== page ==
Thanks for the info and I am going to try those when I get home in a couple of months (hopefully)
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I 2nd Valerie's suggestion of GF Girl and the Chef mix. Just remember 40% whole grain flours and 60% starches to make your own blend. I don't see it on that post but use 120 grams of the mix per cup the recipe uses.
You're very welcome! How awesome that you're such an accomplished baker, I bet that if anyone can do great things with GF flours, it's probably you. :) Please report back after you've given it a try and let us know how your efforts turned out. :)
Thanks TAEKWONDOCHICK - I know that I need to mix (I was an extremely experienced baker in my pre-GF days and even had a small baking business doing wedding cakes and other celebrations for a while) and I've already done the search on the many mixtures out there. I just wanted some real-people opionions on what has worked for them. Thanks so much for your suggestion, and I know I'll need to play around with it, I just didn't want a flop the very first time I tried, as I don't eat a lot of sugar and don't want to have a lot of extras to eat! Thanks so much - I'll give it a shot.
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I use 1/3 sorghum flour, 1/3 tapioca starch, 1/3 potato starch for most baking but add in almond flour to the blend when I make my family favorite chocolate cake. I have the cookbook 1000 gluten free recipes by Carol Fenster and have used it to help in converting my gluten recipes to gluten free. Barb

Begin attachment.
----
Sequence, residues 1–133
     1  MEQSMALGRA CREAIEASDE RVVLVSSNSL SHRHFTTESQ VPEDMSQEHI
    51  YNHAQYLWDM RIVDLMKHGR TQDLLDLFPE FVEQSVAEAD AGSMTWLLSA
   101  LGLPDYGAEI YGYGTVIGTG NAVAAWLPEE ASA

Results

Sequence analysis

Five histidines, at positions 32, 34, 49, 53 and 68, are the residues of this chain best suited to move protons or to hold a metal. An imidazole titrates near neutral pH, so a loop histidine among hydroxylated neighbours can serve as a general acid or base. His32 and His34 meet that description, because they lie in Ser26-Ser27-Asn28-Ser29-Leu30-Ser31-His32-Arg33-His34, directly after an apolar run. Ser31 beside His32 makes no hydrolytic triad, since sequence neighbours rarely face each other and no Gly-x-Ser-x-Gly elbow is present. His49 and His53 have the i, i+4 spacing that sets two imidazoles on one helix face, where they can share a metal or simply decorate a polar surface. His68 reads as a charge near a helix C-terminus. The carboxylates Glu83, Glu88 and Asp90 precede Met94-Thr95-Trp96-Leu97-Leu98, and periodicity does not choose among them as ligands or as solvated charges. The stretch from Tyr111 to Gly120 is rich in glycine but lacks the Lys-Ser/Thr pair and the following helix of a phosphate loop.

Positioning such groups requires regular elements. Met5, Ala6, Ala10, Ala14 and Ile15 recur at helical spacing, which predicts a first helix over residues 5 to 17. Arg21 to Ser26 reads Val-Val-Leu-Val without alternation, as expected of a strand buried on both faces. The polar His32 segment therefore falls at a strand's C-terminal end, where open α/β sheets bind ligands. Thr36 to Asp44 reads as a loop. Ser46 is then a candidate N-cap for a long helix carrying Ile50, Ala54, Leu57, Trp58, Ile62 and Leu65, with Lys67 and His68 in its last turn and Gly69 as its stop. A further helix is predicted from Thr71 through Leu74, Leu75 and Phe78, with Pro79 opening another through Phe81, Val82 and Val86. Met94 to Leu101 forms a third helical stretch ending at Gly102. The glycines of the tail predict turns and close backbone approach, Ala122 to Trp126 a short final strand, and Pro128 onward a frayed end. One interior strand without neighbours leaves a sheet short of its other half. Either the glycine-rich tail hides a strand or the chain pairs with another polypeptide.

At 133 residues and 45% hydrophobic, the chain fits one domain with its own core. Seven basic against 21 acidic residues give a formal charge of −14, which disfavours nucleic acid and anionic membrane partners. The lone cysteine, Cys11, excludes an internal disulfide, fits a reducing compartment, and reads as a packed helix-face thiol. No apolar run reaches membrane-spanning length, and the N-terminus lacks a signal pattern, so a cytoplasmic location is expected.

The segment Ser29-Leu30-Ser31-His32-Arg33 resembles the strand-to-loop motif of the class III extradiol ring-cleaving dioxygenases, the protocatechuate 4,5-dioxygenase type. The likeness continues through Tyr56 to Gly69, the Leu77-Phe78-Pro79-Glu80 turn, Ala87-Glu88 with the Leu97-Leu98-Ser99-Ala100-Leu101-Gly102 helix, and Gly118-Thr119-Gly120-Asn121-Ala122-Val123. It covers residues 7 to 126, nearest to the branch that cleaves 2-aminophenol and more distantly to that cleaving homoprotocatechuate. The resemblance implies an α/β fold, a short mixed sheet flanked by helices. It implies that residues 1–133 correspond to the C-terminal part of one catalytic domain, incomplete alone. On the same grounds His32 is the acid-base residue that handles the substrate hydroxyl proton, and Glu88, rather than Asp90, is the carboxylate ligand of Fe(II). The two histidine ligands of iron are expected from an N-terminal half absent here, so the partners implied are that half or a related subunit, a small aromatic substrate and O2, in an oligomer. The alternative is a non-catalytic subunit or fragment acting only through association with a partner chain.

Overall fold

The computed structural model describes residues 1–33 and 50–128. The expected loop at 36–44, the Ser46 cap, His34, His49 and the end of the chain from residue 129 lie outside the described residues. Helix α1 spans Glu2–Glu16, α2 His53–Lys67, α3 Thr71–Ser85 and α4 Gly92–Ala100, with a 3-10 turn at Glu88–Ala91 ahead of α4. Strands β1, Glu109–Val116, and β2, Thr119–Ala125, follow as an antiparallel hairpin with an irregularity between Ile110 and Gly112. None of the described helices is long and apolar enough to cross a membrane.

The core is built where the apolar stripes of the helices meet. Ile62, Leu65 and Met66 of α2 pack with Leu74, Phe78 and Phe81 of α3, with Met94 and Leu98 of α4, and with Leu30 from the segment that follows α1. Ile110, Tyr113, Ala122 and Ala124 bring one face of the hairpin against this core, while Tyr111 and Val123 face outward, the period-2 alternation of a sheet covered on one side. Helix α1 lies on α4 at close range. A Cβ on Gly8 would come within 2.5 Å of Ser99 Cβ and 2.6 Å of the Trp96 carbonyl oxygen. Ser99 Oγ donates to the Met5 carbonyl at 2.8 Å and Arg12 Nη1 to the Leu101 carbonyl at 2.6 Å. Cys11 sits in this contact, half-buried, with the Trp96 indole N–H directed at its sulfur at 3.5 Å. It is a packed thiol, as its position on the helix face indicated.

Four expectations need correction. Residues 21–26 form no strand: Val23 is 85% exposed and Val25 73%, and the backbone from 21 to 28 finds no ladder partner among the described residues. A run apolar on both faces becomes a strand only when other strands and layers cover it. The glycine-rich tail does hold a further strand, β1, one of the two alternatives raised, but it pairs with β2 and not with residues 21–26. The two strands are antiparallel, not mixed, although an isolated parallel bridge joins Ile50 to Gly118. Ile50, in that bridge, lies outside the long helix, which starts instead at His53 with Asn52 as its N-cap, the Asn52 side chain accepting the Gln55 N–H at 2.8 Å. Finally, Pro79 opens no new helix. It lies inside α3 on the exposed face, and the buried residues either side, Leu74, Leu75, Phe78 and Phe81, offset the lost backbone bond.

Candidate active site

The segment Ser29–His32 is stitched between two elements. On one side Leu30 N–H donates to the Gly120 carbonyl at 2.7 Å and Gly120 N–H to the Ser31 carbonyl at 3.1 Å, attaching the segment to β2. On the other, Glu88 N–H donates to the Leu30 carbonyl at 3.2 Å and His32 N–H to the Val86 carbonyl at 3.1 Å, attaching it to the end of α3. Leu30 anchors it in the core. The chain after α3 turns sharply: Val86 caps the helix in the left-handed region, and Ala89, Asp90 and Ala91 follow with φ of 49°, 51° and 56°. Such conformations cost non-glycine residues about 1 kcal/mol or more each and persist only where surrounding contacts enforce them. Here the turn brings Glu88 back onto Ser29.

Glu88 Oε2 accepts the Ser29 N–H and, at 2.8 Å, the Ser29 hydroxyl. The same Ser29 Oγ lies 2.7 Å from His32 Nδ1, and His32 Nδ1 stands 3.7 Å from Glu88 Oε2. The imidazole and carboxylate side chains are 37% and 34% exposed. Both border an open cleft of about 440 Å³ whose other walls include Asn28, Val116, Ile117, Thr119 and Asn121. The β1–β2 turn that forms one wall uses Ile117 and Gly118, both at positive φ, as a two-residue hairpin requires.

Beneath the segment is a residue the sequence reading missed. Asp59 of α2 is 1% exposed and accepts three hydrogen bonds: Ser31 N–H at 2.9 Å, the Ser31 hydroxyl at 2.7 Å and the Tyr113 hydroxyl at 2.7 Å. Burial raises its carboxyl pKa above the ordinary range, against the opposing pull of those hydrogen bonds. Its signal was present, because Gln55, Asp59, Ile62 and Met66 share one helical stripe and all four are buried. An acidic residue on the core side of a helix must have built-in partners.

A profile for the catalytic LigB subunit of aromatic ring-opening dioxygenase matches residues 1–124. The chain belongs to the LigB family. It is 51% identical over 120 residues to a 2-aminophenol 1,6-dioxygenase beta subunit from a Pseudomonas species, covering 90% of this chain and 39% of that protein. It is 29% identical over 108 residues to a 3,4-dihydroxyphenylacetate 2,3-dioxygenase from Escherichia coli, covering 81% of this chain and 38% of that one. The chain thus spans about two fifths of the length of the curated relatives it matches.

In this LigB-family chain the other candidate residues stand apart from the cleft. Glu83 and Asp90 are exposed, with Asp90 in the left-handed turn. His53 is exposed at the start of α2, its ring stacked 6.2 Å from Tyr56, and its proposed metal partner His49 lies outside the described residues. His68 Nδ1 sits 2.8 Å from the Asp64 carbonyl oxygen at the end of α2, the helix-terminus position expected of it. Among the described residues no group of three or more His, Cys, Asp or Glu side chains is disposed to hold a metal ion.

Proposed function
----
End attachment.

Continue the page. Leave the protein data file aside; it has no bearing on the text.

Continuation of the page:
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"If you want something you've never had...you must do something you've never done!"
If you search online, you'll see that each baker has their own blend of GF flours that they swear by. Honestly, you just need to try some out and see which one you like the best.
You can't just swap wheat flour for one single GF flour, you need a blend to try to mimic the characteristics of wheat flour. This means a good blend of high protein flours and starches.
The one that I personally prefer is the blend developed by Gluten Free Girl. Her hubby is a chef and helped her to create this blend, and so far it's worked well for me in all applications. I even successfully turned my great-grandmother's Devil's Food Cake GF by the simple substitution of this flour blend. :)
This is an awesome article about GF baking, and it includes the flour blend recipe. Yes, you have to go and buy a bunch of flours and mix it yourself... but the nice thing is that you can tweak it until you get it JUST the way you want it. And really, it's not hard to do.
I have been very successful at adapting already GF recipes to be GFCF and many times even better than the original. I have not, however, yet attempted to adapt non GF recipes. This one, however, has my interest piqued - especially since I have to birthdays (children's) coming up in the near future.
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